By Doreen Nzeyimana

In the midst of a desert
There stood a very tall and fragrant tree called “Mugombo”
Mugombo was as strong as a sailing ship in the middle of the ocean and
Home to many birds, as many as the grains of golden sand surrounding it.
The birds chant happily for they have a habitat in which
To build their nests and lay their eggs
For procreation of their young.
You see in the way they flap their wings high in the sky
As they flew lightless in the easy wind and flaked down.
Mugombo gave them a home, hope and purpose.

One day, a whistling wind came and Mugombo fluttered and danced in it’s breeze
The wind blew strong over the desert like a flash upon the inward eye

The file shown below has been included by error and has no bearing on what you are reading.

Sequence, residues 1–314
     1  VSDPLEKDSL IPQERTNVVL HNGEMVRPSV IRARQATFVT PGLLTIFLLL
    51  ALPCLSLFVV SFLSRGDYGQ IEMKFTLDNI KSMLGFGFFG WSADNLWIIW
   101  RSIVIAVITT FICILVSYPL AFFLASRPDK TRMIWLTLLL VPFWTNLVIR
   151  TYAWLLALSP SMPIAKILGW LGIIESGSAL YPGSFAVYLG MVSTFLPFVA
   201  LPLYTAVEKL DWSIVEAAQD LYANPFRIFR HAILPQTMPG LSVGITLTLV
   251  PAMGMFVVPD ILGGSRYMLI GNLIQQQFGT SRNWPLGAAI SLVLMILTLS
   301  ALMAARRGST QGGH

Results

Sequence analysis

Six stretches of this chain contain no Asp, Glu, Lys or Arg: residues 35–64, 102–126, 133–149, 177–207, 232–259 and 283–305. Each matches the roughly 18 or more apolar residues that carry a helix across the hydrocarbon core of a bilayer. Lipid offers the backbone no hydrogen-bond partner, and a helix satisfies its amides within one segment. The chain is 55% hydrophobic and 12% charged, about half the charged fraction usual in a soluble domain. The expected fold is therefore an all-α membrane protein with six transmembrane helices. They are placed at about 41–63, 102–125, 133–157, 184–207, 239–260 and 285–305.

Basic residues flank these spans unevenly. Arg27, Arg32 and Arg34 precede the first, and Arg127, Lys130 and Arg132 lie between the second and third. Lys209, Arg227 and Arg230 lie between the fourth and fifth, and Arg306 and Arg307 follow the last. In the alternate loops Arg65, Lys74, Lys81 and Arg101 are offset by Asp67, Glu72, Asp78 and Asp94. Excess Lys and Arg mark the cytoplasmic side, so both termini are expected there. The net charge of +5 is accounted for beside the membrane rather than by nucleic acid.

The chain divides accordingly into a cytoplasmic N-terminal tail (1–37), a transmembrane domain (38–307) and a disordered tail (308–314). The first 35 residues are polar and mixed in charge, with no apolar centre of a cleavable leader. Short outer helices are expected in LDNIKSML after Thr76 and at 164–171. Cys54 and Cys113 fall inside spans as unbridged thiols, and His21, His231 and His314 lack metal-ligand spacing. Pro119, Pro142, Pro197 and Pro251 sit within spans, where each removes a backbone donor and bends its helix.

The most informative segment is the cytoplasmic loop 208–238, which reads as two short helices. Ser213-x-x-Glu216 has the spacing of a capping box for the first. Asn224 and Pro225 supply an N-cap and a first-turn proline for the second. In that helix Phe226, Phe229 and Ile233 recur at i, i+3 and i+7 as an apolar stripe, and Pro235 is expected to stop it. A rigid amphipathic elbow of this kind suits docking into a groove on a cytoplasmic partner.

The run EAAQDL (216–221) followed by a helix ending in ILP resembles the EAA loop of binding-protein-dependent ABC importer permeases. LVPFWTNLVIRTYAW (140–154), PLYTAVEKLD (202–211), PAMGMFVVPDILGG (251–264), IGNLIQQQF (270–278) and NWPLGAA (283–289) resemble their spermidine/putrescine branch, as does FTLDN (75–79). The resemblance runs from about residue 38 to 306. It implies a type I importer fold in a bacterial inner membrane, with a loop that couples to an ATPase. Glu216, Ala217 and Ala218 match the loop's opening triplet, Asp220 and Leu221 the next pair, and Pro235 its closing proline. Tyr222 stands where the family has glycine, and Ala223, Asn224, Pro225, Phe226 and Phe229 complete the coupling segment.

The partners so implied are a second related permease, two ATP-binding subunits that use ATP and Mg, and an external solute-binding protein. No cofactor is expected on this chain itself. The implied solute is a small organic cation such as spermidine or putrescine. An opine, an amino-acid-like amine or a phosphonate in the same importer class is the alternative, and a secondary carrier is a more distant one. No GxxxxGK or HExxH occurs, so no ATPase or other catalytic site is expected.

Just like the grimy scraps burnt out in the end of smoky days,
It lifted the desert sand into thin air like broken blinds and chimney pots.
The wind was so strong it broke Mugombo so it danced with the daffodils.
What a tragedy it was for the birds, as the lonely carb-horse steams and stamps.
All the years they spent building nests were in vain as palm trees swayed in the night
Their unhatched eggs scattered and scrambled, like waves breaking on the shore,
They were forced to fly homeless through seasons without weather
The birds had no idea where they were going, like newspapers lost in vacant lots.

They lost hope, a home, and purpose
In the spice of oaken casks and burrows of moss.
The whistling wind washed away their lives
Like ocean tides so black no sky would squeak through.
Nothing could keep Mugombo from breaking
As the kick unseen
Or brushed by a car
And those dreams and hope
Come crashing like a cleft in your chin
Instead of your feet.

5 April, 2023